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Hurricane Rita made an appearance in Ruston this weekend, bringing power outages and high expectations with her.

After the disastrous effects of Hurricane Katrina, many students in the area evacuated and took cover, expecting the worst of Rita.

“I went home to Wisner to wait out the storm,” Alison McCarty, a sophomore elementary education major, said.

Ruston residents were not sure what to expect with Rita, but did not want to be under-prepared, McCarty said.

Many Ruston residents prepared their homes and bought supplies just in case the power would go out for an extended period of time.

“We brought in as many supplies as we could like water, ice, ice chests and batteries,” Joshua Smith, Wal-Mart assistant manager said. “We sold out of almost everything. Every generator we had sold.”

Smith said Wal-Mart was busy, but it was not “anything we couldn’t handle.”

But some students chose to stay away from places like gas stations and grocery stores before the storm came, Lisa Thomas, a sophomore elementary education and special education major, said.

However, once Rita made her way up to North Louisiana late Friday night and Saturday morning, the damage turned out not to be as much expected.

Power outages and downed trees were the extent of most of the damage, Sgt. Curtis Hawkins, Ruston Police public information officer, said.

The power in Ruston was out Saturday from around 11:30 a.m. to 7 p.m. due to a tree falling on the main power feeder in Ruston, Judy Burt, director of the Civic Center, said.

“We were expecting the worst like everyone else,” Burt said. “But, everything went really smoothly due to an excellent group of people working for us.”

The team that had been assembled to help in case of a power outage was able to restore the power in about eight hours, a job that usually takes at least two days, Burt said.

“We were in contact with the City of Ruston most of the day on Saturday, and they were doing an excellent job restoring the power as fast as they could,” Smith said.

One complication with the power outages was the loss of traffic signals.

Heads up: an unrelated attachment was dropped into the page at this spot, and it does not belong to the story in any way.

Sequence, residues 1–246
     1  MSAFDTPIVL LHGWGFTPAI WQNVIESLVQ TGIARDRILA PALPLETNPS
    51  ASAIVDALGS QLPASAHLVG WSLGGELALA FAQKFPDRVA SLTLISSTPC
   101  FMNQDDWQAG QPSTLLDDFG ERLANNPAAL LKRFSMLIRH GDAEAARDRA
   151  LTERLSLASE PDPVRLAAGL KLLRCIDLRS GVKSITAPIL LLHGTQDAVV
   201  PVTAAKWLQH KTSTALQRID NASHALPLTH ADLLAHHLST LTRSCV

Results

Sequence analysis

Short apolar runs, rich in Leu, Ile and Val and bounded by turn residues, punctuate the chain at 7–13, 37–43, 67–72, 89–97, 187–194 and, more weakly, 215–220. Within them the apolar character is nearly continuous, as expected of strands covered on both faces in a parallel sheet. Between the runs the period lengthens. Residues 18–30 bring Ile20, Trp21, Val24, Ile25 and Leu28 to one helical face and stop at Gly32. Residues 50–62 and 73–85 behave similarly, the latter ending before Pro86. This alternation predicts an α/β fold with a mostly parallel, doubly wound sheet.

“The biggest problem we have is that people didn’t know the law when it came to traffic lights not working,” Hopkins said. “State law requires that when a traffic light isn’t working, you must treat the intersection as a four-way stop. Hundreds of people didn’t know.”

There were significantly more traffic accidents from Friday to Sunday, but they were not all related to the weather, Hopkins said.

Ruston Police had people working double shifts and kept officers on the streets so all calls could be handled smoothly, Hopkins said.

While Tech campus did not experience any power outages over the weekend, there were a few minor incidents of water leaking on campus, Roy Waters, the director of the computing center, said.

“Water leaked through the ceiling from the third floor in Wyly Tower [of Learning], but it didn’t cause any damage to the computing center,” Waters said.

The computing center expected problems due to projections that heavy rain would hit the area, but the computing center “dodged a bullet,” Waters said.

Rita also brought an influx of evacuees to Ruston, Burt said.

“We have about 300 more evacuees at the Civic Center now with the Katrina evacuees from before,” Burt said.

The response to Rita in this area is overwhelmingly relief.

Hopkins said, “Everyone I’ve talked to was prepared for the worst, and everything ended up going smoothly.”

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